Bailey illustrates this with the Parable of the Sower. The response is “hear the word of the kingdom and bear fruit.” But there are at least four theological points made by the parable which contribute to this response: The kingdom is like a seed growing slowly; God’s grace includes sowing the seed where the ground is unprepared; fruit bearing is an essential part of the kingdom; there is the hope and assurance of a harvest in spite of difficulties. All of these theological motifs (and perhaps others) converge to illicit the response to the parable intended by Jesus.

Bailey has been rightly critiqued because he draws very little from rabbinic parallels. Bailey brackets this evidence since it is extremely hard to date evidence from post-Mishnah Judaism, but relies on evidence from modern Mediterranean culture. If the general lines of the culture have survived since the first century in practice, then those cultural elements one finds in the literature like the Talmud may very well be an accurate reflection of first century culture.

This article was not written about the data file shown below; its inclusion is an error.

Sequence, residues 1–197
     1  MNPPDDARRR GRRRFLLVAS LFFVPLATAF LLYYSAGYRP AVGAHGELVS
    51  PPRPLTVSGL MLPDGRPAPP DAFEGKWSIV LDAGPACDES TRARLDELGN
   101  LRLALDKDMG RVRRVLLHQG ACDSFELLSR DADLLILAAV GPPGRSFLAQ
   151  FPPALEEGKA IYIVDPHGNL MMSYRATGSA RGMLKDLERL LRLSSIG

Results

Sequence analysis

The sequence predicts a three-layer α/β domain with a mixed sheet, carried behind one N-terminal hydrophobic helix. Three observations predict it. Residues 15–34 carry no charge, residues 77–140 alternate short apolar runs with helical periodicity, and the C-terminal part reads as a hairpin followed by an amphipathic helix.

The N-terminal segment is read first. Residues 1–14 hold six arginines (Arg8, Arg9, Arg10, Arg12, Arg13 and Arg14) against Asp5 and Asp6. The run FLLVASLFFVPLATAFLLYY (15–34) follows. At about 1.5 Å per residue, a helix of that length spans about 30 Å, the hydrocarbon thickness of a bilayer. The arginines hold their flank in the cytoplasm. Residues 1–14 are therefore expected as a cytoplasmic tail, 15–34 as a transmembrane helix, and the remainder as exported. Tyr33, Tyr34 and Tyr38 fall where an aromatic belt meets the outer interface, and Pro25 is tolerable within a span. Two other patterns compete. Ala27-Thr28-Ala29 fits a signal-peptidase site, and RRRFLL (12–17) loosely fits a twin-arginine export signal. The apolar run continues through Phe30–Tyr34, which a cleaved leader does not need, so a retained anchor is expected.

Charles Hedrick offers a number of criticisms of Bailey’s methodology which ultimately question the value of the study (Hedrick, Parables as Poetic Fiction, 45-46). Hedrick’s most important criticism is the chronological distance of Bailey’s sources. Is it reasonable to think that the Mediterranean culture Bailey experienced in the twentieth century is an accurate representation of the culture of the first century?